The IUCN Regional
Office for Mesoamerica has been working in the field of wetlands since 1989 and in the
marine area since 1992. Recently, it was decided to combine these areas in one program for
conservation and management of wetlands and coastal zones in Mesoamerica. Thanks to
financial support from NORAD, IUCN has been reinforcing and vitalizing program actions in this area.
Why Wetlands, Water and Coastal
Central America has 6,603 km of coast, representing approximately 12% of the Latin American and Caribbean coastline. There are some 567,000 ha of mangroves, an area equal to 8% of world mangroves and about 7% of the regions total forest cover. This zone also contains 1,600 km of coral reef. The second most important barrier reef in the world, after the one in Australia, is located off the coast of Belize.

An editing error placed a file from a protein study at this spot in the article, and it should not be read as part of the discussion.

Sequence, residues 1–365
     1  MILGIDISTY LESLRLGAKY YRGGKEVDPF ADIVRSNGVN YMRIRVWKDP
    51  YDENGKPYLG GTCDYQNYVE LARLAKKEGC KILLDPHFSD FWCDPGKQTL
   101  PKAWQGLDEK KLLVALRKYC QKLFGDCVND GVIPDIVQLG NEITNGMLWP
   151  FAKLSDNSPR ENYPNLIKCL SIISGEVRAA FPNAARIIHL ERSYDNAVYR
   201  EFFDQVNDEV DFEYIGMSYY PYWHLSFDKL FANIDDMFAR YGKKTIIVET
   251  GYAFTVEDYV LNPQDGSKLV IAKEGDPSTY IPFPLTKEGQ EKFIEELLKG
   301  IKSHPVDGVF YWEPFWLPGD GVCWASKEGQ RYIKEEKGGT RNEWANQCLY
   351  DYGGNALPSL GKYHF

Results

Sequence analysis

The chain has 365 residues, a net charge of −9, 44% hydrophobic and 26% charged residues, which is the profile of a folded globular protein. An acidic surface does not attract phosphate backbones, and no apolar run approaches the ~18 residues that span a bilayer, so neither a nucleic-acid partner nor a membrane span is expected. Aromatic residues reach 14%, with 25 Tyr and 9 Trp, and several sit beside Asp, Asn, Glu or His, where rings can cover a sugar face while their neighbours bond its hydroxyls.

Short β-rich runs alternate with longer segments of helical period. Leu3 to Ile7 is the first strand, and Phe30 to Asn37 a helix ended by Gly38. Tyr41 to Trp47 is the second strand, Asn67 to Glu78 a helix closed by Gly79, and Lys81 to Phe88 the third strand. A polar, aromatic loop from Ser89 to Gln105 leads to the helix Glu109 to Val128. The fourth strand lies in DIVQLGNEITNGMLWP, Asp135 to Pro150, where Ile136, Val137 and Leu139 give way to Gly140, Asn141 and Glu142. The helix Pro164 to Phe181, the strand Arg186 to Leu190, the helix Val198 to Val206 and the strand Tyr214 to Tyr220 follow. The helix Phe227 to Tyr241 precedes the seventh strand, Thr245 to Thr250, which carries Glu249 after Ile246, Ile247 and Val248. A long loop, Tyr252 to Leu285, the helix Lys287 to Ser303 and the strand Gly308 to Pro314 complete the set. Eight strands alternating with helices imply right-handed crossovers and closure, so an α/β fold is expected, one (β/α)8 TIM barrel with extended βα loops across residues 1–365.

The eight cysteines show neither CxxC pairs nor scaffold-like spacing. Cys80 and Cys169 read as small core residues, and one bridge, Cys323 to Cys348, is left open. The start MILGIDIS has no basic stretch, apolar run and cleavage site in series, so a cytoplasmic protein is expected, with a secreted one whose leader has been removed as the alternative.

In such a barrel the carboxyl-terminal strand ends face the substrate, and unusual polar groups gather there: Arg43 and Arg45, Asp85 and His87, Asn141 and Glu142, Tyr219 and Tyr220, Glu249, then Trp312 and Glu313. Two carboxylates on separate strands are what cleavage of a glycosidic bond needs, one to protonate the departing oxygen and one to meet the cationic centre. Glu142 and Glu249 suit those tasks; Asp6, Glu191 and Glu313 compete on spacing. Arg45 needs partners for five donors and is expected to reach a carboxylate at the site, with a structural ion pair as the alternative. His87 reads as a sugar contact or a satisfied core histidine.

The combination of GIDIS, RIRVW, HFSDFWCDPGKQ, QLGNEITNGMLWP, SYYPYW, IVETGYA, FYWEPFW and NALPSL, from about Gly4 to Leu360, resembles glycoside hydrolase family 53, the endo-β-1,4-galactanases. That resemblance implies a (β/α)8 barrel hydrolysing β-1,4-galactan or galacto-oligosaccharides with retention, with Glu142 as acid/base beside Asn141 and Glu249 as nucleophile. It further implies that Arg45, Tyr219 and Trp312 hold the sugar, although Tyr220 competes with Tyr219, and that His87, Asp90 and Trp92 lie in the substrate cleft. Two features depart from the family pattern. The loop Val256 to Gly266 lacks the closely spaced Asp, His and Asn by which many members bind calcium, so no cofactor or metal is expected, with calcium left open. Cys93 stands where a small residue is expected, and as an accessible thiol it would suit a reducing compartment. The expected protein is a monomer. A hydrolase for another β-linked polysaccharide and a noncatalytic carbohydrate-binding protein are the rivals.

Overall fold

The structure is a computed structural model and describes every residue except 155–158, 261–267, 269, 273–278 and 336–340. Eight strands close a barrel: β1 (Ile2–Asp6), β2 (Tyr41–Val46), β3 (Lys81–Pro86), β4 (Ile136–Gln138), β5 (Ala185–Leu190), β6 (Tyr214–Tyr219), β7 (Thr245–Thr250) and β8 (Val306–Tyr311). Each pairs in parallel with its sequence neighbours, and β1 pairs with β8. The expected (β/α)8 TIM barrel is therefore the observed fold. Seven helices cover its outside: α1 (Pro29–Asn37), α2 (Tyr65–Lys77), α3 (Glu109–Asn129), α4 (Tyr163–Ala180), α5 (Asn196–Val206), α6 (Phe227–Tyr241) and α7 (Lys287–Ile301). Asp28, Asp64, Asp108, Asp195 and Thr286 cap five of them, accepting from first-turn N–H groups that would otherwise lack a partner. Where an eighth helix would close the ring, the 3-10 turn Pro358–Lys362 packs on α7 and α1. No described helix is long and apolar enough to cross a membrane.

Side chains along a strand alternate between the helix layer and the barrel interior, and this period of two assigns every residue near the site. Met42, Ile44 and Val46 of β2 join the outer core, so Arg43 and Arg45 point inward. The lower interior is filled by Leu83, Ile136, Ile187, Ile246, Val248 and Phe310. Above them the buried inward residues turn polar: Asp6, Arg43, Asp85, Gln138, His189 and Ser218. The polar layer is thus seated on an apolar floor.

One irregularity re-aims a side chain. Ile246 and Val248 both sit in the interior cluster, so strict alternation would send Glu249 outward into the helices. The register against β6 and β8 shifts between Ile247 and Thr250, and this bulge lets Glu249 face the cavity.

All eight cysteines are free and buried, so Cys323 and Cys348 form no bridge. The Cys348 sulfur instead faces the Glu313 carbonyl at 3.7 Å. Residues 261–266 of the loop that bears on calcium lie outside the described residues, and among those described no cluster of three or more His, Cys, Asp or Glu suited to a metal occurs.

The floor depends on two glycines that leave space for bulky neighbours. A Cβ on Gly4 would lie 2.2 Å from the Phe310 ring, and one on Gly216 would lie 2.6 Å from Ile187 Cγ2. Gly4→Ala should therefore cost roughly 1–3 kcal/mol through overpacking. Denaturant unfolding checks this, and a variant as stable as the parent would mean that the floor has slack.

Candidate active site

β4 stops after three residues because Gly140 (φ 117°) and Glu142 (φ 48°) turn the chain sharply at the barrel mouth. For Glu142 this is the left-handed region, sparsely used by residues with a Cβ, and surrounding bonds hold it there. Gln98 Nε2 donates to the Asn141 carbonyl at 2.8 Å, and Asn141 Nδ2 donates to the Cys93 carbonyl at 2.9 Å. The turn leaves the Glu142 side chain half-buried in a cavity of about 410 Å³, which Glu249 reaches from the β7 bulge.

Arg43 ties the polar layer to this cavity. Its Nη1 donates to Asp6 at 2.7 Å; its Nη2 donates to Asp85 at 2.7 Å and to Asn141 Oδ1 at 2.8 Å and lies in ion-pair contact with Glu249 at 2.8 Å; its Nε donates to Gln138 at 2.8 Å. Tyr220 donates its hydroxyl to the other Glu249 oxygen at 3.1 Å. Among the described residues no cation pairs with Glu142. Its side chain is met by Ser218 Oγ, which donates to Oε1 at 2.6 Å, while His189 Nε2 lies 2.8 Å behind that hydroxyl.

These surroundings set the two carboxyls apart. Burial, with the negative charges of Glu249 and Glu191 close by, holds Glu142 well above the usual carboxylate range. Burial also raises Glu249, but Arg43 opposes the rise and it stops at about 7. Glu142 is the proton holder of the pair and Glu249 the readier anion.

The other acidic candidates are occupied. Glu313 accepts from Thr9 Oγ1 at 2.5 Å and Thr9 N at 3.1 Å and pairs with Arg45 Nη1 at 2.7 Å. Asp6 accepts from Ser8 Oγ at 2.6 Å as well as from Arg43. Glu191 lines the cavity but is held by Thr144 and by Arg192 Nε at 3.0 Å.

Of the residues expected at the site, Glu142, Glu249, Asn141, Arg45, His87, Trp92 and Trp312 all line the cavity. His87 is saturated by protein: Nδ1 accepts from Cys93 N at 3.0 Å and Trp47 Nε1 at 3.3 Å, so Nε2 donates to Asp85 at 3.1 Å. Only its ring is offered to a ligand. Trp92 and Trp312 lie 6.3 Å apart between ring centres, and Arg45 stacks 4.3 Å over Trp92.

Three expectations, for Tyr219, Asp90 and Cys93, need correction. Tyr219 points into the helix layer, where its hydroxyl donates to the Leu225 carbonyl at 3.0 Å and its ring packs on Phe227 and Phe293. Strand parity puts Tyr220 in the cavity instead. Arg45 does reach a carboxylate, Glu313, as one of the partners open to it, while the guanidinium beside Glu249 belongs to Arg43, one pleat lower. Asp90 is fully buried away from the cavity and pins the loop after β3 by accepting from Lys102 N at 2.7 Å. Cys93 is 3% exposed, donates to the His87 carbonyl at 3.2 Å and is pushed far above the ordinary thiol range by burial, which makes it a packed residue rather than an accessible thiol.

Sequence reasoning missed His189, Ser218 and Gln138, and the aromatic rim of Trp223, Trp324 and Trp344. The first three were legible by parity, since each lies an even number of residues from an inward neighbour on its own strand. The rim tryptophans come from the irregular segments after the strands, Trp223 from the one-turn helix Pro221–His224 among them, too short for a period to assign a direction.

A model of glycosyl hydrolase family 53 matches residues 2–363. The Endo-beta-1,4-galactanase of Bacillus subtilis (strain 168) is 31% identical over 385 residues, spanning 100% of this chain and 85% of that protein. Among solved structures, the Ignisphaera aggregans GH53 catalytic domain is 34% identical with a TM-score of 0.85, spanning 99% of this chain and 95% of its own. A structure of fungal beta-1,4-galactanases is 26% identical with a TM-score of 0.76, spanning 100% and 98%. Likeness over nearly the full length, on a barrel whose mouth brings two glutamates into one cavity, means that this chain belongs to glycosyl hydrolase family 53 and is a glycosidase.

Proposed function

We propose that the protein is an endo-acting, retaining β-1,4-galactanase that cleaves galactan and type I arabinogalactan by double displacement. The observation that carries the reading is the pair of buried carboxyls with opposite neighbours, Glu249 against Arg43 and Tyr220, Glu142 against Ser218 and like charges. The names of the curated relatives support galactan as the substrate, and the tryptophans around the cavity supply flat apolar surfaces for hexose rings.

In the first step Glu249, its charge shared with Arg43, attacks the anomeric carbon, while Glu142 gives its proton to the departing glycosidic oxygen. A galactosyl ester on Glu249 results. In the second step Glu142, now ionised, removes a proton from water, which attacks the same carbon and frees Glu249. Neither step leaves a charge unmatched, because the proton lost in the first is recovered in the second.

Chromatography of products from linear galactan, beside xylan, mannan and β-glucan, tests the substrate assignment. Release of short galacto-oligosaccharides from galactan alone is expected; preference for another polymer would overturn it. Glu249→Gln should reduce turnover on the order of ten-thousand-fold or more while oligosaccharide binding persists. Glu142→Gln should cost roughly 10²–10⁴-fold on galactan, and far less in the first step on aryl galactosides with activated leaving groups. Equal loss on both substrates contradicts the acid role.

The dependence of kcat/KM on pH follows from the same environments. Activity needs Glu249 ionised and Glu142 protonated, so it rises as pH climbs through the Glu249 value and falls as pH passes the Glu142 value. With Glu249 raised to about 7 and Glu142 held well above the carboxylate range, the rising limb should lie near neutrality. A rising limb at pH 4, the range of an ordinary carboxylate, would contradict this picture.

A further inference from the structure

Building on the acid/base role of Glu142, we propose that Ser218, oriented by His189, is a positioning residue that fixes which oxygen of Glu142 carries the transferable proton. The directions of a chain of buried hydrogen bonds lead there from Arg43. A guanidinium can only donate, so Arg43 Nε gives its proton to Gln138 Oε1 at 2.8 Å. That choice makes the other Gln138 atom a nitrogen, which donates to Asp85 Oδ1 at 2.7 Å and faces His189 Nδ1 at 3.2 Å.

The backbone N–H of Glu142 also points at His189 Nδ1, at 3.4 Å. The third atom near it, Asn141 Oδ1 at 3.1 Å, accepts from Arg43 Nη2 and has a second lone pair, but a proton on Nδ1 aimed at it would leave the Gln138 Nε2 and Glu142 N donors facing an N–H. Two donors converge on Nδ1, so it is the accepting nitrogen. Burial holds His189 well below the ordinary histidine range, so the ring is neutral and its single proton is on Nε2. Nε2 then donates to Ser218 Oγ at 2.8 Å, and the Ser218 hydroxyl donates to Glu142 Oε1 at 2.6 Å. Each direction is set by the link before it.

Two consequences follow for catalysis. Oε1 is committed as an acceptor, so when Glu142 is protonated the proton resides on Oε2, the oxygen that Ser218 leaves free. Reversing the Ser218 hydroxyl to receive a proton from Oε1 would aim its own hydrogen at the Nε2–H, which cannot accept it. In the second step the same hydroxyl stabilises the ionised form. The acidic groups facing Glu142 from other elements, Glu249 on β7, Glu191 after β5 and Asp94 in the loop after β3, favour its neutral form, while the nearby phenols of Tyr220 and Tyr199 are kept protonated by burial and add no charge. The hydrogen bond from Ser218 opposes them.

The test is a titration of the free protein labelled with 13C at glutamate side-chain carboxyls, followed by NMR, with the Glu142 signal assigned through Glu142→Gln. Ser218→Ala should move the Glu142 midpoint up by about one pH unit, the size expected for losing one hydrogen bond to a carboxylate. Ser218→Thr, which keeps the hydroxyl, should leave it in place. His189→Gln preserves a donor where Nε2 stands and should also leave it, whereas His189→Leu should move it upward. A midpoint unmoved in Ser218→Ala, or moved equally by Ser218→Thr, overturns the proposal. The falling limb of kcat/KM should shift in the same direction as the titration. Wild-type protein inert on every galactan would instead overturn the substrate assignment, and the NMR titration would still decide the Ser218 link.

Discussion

In addition there are the huge Nicaragua and Managua lakes, both in Nicaragua, and Isabel, in Guatemala. Others are part of a regional system of volcanic lakes, such as those of Ilopango, in El Salvador; Amátitlan and Atitlán, in Guatemala; the Arenal reservoir, in Costa Rica, and others. Extensive flood plains are found along the Usumacinta River, in Mexico; Mosquitia, in Nicaragua and Honduras; the Belize River, in Belize, and La Pasion, Polochic and Cahabon rivers, in Guatemala. These are just examples of important areas in the region.
Despite the natural wealth represented by these wetlands and coastal zones, and their contributions to local, national and regional economies, the importance of these ecosystems has been poorly understood. As a result, active work is needed in promoting their conservation and sustainable use. To date,IUCN has been fomenting greater awareness of these important ecosystems, and working with colleagues in the region to carry out specific actions in field projects to demonstrate the feasibility of using the resources sustainably.